LONDON – After several years of debate over whether to repair or remove the broken Springbank Dam on the Thames River, in a unanimous vote, London City Council decided to decommission the dam. City staff will now prepare a report to advise Council on whether to repurpose it as a footbridge or remove it entirely from the river. Eliminating the last man-made barrier between the forks and the mouth of the Thames River is a significant win for the environment and City residents.
Through a groundswell of support from several organizations, businesses and individuals, we were able draw attention to a river not just in recovery but thriving since the dam gates broke in 2008. We were able to change the conversation from the foregone conclusion that the dam would be repaired, to a unanimous vote to decommission Springbank Dam. A big thank you to City Councillors who were open-minded and receptive to our positive message. Continue reading
MEDIA RELEASE: For Immediate Release: 6 October 2017
Ontario Rivers Alliance on the termination of the Energy East Pipeline
SUDBURY – The Ontario Rivers Alliance says that TransCanada Corp. (TC) cancelled its controversial $15.7-billion Energy East Pipeline proposal because “It saw the writing on the wall.” It proposed to convert its 3,000 km natural gas pipeline and construct another 1,500 km of new pipeline, to carry 1.1 million barrels per day of dirty Tar Sands oil from Alberta to New Brunswick.
“TC’s decision was likely due in large part to a continuing decline in the demand for crude oil in a world on a fast-track to decarbonize.” The scientific evidence is clear, that climate change is one of the greatest threats of our time. “So, the National Energy Board’s recent ruling to consider the potential increase in upstream and downstream greenhouse gas emissions resulting from the project was no surprise, but an impossible hurdle to overcome, and likely the final nail in the coffin.” Continue reading
SUDBURY: The contributions of the Ontario Rivers Alliance (ORA) are being featured in an online series of short film documentaries dedicated to conservation issues.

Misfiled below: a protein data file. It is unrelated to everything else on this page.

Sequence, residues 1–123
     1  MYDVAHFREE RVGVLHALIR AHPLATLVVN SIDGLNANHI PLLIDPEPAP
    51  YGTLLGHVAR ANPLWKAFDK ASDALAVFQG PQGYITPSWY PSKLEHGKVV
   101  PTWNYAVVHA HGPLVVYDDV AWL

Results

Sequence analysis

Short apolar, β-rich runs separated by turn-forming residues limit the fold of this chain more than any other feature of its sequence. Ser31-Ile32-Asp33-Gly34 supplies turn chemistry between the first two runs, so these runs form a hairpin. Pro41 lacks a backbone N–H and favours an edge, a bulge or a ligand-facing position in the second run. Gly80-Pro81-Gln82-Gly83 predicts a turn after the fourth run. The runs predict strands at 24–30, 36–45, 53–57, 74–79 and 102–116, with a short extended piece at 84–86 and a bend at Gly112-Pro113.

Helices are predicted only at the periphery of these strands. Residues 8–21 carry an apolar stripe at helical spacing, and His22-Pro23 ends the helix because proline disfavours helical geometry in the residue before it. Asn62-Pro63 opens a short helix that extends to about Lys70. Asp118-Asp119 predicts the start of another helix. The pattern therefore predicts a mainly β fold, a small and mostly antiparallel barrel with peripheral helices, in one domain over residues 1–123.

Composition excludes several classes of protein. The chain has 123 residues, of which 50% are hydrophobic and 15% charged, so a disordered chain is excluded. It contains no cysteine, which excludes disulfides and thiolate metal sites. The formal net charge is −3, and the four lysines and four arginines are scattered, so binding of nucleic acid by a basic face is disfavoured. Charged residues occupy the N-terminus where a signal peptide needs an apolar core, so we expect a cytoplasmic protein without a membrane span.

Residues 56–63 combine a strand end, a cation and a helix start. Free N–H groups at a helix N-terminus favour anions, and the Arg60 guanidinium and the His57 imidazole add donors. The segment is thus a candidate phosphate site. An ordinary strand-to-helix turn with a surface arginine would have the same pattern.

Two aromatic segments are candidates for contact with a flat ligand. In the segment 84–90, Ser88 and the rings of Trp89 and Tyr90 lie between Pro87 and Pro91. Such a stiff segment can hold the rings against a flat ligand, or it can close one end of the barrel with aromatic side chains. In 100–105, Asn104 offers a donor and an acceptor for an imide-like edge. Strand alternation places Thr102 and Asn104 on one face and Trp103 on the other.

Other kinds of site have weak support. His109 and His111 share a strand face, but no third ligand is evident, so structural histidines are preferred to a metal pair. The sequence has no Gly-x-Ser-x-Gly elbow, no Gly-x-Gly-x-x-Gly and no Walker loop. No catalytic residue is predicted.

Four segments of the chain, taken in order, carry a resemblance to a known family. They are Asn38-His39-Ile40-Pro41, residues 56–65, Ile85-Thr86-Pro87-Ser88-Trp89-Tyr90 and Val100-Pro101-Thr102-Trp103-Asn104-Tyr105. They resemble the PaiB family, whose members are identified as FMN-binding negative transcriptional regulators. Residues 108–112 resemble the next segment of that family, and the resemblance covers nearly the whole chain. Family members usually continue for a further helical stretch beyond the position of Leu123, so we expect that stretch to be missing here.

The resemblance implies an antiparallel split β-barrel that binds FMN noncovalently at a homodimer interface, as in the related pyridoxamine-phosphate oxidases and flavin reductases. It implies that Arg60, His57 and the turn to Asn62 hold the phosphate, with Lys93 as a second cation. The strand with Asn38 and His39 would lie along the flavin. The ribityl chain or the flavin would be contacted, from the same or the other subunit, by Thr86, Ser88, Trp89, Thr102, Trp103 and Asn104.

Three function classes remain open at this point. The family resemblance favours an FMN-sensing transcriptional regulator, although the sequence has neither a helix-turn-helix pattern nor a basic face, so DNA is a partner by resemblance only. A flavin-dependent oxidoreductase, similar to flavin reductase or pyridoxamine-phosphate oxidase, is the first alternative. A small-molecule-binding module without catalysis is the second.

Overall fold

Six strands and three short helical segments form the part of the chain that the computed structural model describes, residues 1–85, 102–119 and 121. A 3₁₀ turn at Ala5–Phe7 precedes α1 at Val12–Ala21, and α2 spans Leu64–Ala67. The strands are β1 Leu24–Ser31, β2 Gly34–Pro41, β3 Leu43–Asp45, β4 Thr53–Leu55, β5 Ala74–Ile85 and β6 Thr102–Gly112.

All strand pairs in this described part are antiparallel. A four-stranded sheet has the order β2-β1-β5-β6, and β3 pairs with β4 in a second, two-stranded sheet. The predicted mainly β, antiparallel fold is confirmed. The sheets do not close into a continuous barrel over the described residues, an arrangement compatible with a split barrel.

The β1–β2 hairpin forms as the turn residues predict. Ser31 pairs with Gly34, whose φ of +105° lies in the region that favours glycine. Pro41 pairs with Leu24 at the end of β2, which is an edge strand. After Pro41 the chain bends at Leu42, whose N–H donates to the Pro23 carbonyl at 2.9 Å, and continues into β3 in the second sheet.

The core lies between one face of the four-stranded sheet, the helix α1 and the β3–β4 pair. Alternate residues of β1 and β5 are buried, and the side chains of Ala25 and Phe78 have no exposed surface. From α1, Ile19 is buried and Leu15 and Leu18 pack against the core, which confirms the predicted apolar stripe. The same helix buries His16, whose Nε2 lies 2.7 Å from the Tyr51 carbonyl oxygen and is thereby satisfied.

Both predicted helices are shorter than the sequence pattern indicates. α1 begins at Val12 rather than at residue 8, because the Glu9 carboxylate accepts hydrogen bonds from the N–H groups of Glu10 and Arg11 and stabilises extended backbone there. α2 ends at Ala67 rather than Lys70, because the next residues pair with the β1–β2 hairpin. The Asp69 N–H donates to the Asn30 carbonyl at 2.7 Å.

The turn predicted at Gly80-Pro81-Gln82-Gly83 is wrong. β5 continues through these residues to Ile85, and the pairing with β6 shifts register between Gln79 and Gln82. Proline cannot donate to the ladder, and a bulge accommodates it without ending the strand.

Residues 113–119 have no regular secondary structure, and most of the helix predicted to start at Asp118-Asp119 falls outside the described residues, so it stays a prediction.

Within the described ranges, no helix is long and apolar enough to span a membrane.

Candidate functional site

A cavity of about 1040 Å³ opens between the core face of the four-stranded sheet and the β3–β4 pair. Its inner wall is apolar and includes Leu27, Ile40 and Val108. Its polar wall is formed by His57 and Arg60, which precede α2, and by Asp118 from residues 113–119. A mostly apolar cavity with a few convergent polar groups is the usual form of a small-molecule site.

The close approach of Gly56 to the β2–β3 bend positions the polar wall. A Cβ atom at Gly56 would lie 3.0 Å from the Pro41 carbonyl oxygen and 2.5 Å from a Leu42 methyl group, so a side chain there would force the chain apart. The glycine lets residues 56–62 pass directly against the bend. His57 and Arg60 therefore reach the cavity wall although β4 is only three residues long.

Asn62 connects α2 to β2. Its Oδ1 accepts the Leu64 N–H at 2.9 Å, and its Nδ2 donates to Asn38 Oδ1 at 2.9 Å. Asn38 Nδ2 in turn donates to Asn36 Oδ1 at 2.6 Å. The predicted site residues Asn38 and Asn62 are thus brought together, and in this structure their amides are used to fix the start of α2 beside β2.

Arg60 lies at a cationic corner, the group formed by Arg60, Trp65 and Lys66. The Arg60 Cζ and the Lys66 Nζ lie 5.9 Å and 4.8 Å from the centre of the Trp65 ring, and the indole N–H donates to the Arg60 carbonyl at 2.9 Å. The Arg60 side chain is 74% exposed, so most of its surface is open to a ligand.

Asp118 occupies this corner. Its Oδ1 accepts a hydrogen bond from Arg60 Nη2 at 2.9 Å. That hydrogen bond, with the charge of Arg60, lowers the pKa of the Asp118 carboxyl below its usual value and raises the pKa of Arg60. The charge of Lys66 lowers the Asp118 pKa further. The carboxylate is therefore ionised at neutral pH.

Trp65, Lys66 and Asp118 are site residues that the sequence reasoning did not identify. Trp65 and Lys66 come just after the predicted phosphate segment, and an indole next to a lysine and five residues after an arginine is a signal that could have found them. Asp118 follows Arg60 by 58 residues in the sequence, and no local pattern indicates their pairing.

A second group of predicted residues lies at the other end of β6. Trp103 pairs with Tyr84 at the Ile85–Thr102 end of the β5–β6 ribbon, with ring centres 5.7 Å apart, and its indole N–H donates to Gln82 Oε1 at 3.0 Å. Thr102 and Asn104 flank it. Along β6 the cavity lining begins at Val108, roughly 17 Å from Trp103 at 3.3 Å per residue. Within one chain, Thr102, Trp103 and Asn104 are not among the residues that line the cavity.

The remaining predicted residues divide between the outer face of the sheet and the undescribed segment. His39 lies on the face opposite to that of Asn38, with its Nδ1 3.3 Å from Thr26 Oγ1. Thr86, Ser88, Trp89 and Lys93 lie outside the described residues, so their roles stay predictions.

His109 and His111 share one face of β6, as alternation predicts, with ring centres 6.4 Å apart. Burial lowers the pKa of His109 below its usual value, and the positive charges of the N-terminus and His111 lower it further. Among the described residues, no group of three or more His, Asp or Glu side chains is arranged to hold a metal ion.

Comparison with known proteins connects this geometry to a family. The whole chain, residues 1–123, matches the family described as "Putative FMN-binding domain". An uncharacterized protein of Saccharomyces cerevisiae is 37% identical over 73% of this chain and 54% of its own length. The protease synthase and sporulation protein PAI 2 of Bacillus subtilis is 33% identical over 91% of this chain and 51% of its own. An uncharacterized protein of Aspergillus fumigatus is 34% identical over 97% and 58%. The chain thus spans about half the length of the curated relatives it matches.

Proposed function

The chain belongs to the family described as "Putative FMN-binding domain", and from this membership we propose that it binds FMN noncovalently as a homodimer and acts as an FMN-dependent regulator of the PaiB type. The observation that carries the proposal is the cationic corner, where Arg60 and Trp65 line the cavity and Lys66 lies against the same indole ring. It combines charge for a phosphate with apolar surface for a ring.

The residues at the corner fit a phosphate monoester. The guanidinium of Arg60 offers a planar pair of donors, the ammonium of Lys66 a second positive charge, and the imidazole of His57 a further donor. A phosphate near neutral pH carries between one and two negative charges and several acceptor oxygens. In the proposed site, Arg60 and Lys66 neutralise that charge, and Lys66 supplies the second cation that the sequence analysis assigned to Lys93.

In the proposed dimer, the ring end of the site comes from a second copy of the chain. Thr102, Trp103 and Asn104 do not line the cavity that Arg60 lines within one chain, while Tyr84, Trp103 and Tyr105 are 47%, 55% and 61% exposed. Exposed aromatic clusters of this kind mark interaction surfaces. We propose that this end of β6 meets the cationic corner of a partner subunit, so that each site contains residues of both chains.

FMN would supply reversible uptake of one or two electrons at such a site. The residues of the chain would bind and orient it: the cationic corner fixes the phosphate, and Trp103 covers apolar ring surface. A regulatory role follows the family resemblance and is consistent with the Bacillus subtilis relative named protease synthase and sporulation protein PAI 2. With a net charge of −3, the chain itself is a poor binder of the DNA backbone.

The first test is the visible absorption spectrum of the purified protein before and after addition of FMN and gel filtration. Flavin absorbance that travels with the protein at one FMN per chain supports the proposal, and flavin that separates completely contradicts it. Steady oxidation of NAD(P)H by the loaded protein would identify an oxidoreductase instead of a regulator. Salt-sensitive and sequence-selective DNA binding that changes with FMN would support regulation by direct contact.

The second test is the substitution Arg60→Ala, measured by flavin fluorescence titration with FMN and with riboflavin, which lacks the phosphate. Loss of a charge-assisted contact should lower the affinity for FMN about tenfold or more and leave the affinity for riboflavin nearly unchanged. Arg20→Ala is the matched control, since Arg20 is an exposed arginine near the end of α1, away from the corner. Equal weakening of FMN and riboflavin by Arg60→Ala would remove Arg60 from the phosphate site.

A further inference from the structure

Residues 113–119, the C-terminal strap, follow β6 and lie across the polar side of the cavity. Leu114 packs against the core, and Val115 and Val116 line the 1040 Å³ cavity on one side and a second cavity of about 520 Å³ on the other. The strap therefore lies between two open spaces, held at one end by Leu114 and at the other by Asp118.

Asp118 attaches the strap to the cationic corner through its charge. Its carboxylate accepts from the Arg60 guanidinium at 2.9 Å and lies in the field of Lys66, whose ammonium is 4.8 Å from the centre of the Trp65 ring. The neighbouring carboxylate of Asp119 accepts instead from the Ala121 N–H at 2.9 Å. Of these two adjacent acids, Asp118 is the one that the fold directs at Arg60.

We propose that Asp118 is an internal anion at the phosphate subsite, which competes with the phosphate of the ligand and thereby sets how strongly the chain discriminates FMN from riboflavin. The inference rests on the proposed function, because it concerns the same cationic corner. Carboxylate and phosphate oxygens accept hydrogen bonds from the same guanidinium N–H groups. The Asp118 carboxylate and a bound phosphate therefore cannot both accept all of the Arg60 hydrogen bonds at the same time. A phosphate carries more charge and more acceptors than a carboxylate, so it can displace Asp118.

In Fieldwork – the Art of Conservation, ORA Chair Linda Heron talks about the organization’s commitment to protecting Ontario rivers, and its focus on one of the most challenging issues facing communities and riverine ecosystems today – hydroelectric power development. Continue reading
For Immediate Release
Conservation organizations call for end to delays in implementing recovery actions for endangered American Eel
Wabagishik Rapids – Vermilion River
MEDIA RELEASE: For Immediate Release: 13 July 2016
10 Ontario Rivers Protected from 19 Hydroelectric Projects
SUDBURY: The Ontario Rivers Alliance (ORA) is celebrating a major victory in the protection of 10 Ontario rivers that have been under threat from 19 proposed hydroelectric projects. Actions taken by the ORA and its members have led to what was considered to be impossible – the termination of 19 Feed-in-Tariff (FIT) Contracts.
In 2011, ORA came into being to address a rash of 87 proposed hydroelectric proposals initiated under the Green Energy Act. The offer of generous incentives to produce power during peak demand hours had proponents rushing to claim access to falls and rapids on rivers all across the province. The number of proposals to actually receive FIT Contracts was soon reduced to 41, and of those, Xeneca Power Development Inc. had secured 19 contracts for projects involving 23 Crown sites on 10 Ontario rivers. Continue reading
Kalamazoo River Crude Oil Spill
MEDIA RELEASE: For Immediate Release: 6 July 2016
Ontario Rivers Alliance Intervening in Energy East Pipeline Hearing
SUDBURY — The National Energy Board has granted Ontario Rivers Alliance (ORA) intervenor status in panel hearings regarding the Energy East Pipeline application.
ORA chairperson Linda Heron said the announcement indicates how much progress the volunteer organization has made since it was formed to protect, conserve and restore healthy river ecosystems.
“Like many other Canadians, our members have serious concerns about the potential for spills and leaks in an aging pipeline that was designed to transport natural gas and would now be converted to move diluted bitumen,” said Heron. “Our research indicates that Energy East uses insufficient leak detection technology to effectively monitor the pipeline’s integrity, and that any single spill could cause irreparable damage to one or more of over two thousand water bodies along the pipeline route.” Continue reading